As you grow older, an active lifestyle is more important than ever. Regular exercise can help boost energy, maintain your independence, and manage symptoms of illness or pain. Senior exercise and fitness tips can even reverse some of the symptoms of aging. And not only is exercise good for your bodyóitís also good for your mind, mood, and memory.
Whether you are generally healthy or are managing an illness, there are plenty of ways to get more active, improve confidence, and boost your fitness.
Starting or maintaining a regular exercise routine can be a challenge as you get older. You may feel discouraged by illness, ongoing health problems, or concerns about injuries or falls.
Or, if you've never exercised before, you may not know where to begin. Or perhaps you think you're too old or frail, or that exercise is boring or simply not for you.
Importance of Staying Physically Fit
Have you heard exercise is important for older adults, but donít
know where to begin? Youíre not alone. Many seniors feel discouraged
by fitness barriers, such as chronic health conditions or concerns
about injury or falls. If youíve never exercised before, you may not
know where to begin. Or maybe an ongoing health problem or
disability is keeping you from getting active. Perhaps you think
youíre too old or frail.
The truth is that you canít afford not to get moving. Exercise is the key to staying strong, energetic, and healthy as you get older. No matter your age or your current physical condition, you can benefit from exercise. Reaping the rewards of exercise doesnít require strenuous workouts or trips to the gym. Itís about adding more movement and activity to your life, even in small ways. Whether you are generally healthy or are managing an illnessóeven if youíre houseboundóthere are many easy ways to get your body moving and improve your health.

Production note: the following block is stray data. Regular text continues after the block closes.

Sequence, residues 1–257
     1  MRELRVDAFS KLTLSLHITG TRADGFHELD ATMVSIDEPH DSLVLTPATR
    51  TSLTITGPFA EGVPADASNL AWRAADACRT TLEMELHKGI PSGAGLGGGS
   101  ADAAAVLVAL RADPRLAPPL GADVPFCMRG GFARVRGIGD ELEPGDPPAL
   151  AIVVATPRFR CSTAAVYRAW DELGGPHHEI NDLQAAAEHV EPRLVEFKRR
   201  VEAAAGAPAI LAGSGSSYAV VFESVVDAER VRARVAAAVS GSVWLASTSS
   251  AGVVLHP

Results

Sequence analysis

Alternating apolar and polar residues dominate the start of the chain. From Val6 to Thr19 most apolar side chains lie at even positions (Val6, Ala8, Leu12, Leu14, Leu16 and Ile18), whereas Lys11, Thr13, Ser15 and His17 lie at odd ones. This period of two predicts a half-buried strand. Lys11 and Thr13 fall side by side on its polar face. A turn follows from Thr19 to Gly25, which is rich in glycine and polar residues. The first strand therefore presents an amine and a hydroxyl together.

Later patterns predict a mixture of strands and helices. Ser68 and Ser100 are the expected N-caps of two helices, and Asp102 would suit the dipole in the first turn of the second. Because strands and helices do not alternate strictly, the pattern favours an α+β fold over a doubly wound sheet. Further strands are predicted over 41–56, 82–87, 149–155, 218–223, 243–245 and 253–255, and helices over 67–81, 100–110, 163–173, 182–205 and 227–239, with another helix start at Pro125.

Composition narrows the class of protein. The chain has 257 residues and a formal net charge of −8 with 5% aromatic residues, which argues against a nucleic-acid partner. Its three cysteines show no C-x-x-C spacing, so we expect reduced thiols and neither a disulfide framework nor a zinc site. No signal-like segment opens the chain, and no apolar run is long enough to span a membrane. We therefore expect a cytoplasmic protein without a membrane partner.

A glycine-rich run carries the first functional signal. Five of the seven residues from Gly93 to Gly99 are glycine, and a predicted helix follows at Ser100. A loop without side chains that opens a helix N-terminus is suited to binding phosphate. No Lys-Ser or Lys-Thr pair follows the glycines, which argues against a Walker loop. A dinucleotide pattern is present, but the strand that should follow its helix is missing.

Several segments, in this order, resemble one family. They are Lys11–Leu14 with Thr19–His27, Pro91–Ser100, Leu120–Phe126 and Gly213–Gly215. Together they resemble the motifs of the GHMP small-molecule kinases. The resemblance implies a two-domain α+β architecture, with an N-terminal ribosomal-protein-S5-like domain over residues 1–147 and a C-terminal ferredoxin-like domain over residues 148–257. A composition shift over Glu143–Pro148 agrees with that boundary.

FACT: Exercise and strength training helps you look and feel younger
and stay active longer. Regular physical activity lowers your risk
for a variety of conditions, including Alzheimerís and dementia,
heart disease, diabetes, colon cancer, high blood pressure, and
Myth 2: Elderly people shouldnít exercise. They should save their strength and rest.
FACT: Research shows that a sedentary lifestyle is unhealthy for the
elderly. Period. Inactivity often causes seniors to lose the ability
to do things on their own and can lead to more hospitalizations,
doctor visits, and use of medicines for illnesses.
Myth 3: Exercise puts me at risk of falling down.
FACT: Regular exercise, by building strength and stamina, prevents
loss of bone mass and improves balance, actually reducing your risk
Myth 4: Itís too late. Iím already too old to start exercising.
FACT: Youíre never too old to exercise! If youíve never exercised
before, or itís been a while, start with light walking and other
Myth 5: Iím disabled. I canít exercise sitting down.
FACT: Chair-bound people face
special challenges but can lift light weights, stretch, and do chair
aerobics to increase range of motion, improve muscle tone, and
promote cardiovascular health.
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